Legislators say they have little information from the FBI about a recent ransomware investigation in which senior officials provided few responses to decisions that cost US companies millions of dollars and produced questionable results.

During a House Oversight and Reform Committee hearing on ransomware on November 16, the FBI was questioned about its handling of ransomware July attack against the US IT company Kaseya, in which hackers from the ransomware group REvil exploited a vulnerability in Kaseya’s software to exfiltrate data from around 1,500 US companies, schools, hospitals and other institutions.

It was in September revealed that the FBI had received a decryption key in July that would have enabled hundreds of victims to access their data, but agents withheld the key because they refused to give REvil any indication of a major law enforcement action planned.

The FBI never got a chance to conduct its planned operation against REvil as the group went offline in late July.

The FBI has been scrutinized by Congress for handling the failed operation that allegedly cost companies millions in the cost of getting their data. Some companies rebuilt their systems or obtained backups of their data, while others were temporarily shut down during the incident.

However, the FBI has apparently been silent on the matter from Congress.

At the House Oversight and Reform Committee’s ransomware meeting on November 16, Rep. James Comer (R-Ky.), Senior Republican on the board, criticized the office for its lack of transparency on the issue.

“In September the chairwoman and I asked [FBI] director [Christopher] Wray for a briefing on the FBI’s decisions. We never received that briefing, ”Comer said, turning his anger on Bryan Vorndran, the FBI’s assistant director of cyber. “Please advise Director Wray that we are awaiting a briefing if the oversight committee requests a briefing.”

Comer questioned Vorndran about the FBI’s decisions on the Kaseya investigation. Front end was locked but suggested that agents test the decryption key to make sure it was secure and effective.

“These decryption keys were developed and encoded by criminals in the safe haven,” he said. “We tested the decryption key in different environments so that we know that it does not create any new vulnerabilities.”

Vorndran declined to answer Comer’s question about how much money the FBI might have cost the FBI company its decision to withhold the decryption key for weeks in July. Comer, in turn, criticized the FBI and other government bureaucracies for failing to take into account the economic damage their law enforcement operations can do to US victims.

“We have to take into account the hundreds of millions of dollars the FBI costs in getting out of it [promptly providing REvil victims with the decryptor key]“Said Comer.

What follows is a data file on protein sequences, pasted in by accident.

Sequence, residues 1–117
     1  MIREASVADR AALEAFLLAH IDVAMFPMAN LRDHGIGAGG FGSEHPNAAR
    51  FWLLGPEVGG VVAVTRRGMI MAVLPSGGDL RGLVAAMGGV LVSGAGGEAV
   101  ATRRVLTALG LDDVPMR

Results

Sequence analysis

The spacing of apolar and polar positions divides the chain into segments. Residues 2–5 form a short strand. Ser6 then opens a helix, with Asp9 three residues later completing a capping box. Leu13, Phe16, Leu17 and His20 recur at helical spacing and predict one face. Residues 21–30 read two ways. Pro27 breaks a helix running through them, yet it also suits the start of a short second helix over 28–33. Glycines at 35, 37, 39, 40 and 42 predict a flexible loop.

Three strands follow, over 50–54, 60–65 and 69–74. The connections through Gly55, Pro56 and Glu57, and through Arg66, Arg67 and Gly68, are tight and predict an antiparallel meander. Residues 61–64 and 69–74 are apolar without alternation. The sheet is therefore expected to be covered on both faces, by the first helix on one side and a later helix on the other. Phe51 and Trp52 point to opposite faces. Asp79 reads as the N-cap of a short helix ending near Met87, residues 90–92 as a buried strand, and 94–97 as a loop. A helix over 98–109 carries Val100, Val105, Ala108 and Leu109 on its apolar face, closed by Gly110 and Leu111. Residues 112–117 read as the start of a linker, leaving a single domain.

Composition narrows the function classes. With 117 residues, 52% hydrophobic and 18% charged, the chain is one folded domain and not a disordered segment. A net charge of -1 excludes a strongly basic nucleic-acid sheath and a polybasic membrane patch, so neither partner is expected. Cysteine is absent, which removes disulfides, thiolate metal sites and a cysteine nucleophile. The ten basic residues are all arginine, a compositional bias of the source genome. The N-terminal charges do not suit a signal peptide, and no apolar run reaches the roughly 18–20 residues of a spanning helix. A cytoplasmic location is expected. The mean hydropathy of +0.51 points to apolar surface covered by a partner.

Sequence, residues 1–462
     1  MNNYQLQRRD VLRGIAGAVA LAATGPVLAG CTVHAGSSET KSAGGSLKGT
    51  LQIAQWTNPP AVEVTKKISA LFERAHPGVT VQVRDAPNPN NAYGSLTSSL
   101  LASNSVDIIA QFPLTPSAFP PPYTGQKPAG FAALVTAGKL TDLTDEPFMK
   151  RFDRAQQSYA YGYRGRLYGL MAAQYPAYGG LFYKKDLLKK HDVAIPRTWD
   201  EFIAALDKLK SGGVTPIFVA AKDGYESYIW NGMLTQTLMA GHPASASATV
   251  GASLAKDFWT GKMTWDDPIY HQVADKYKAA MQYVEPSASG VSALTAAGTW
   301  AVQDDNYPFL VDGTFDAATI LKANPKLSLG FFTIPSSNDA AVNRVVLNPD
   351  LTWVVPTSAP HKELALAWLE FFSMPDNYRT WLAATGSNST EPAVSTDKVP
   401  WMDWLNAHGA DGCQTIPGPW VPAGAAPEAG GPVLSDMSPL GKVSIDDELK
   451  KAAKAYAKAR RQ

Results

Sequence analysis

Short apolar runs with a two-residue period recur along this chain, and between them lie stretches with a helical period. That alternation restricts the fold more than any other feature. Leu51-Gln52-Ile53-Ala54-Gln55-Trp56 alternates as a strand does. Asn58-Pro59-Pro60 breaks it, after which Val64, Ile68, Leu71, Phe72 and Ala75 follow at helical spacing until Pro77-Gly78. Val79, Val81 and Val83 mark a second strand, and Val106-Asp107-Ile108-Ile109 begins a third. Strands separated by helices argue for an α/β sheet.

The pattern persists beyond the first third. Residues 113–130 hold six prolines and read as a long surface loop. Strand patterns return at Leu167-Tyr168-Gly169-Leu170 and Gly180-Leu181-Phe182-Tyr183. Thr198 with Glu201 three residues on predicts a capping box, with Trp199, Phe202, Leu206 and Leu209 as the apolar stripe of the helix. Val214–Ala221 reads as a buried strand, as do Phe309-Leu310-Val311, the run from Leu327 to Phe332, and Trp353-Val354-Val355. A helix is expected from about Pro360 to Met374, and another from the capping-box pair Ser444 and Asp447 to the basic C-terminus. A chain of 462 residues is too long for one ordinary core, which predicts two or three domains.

The House Oversight and Reform Committee is not the only congressional body fighting for answers to the Kaseya attack. FBI Director Wray was similarly closed off during a Senate Homeland Security Committee hearing in September.

Wray cited an ongoing investigation into why he couldn’t say much on the matter. He also declined to identify any other authorities involved in responding to the attack on Kaseya.

“This committee deserves a full account of the FBI’s cyber activities, including cyber activities,” said Senator Gary Peters (D-Mich.), The highest-ranking Democrat on the board, at the hearing. “And I would hope that you could undertake to give this committee a full briefing on this and other operations.”

Wray was non-committal at the time, but said he would do his best to make sure the FBI “provides all the information we can”. He said it would likely have to be done in a closed public hearing.

Meanwhile, the Justice Department announced on November 8th that it indicted two REvil subsidiaries in connection with the Kaseya ransomware attack and also collected $ 6 million in ransom payments. Ukrainian citizen Jaroslaw Vasinskyj, 22, is being held in Poland on US extradition proceedings, while Russian citizen Yevgeny Polyanin, 28, remains at large.

Authorities in Romania also arrested two suspected REvil partners on November 4, and another REvil subsidiary was arrested in Kuwait on the same day called.

Wray and Attorney General Merrick Garland described the arrests as a major law enforcement and collaboration victory, although some questioned the arrests’ impact on ransomware gangs.

“If this were a drug downturn, we’d say they have the street vendors – not the Kingpins,” former NSA General Counsel Stewart Baker said on November 15 Cyberlaw podcast.


Ken Silva covers national security issues for The Epoch Times. His background as a reporter also includes cybersecurity, crime and offshore finance – including three years as a reporter in the British Virgin Islands and two years in the Cayman Islands. Contact him at ken.silva@epochtimes.us


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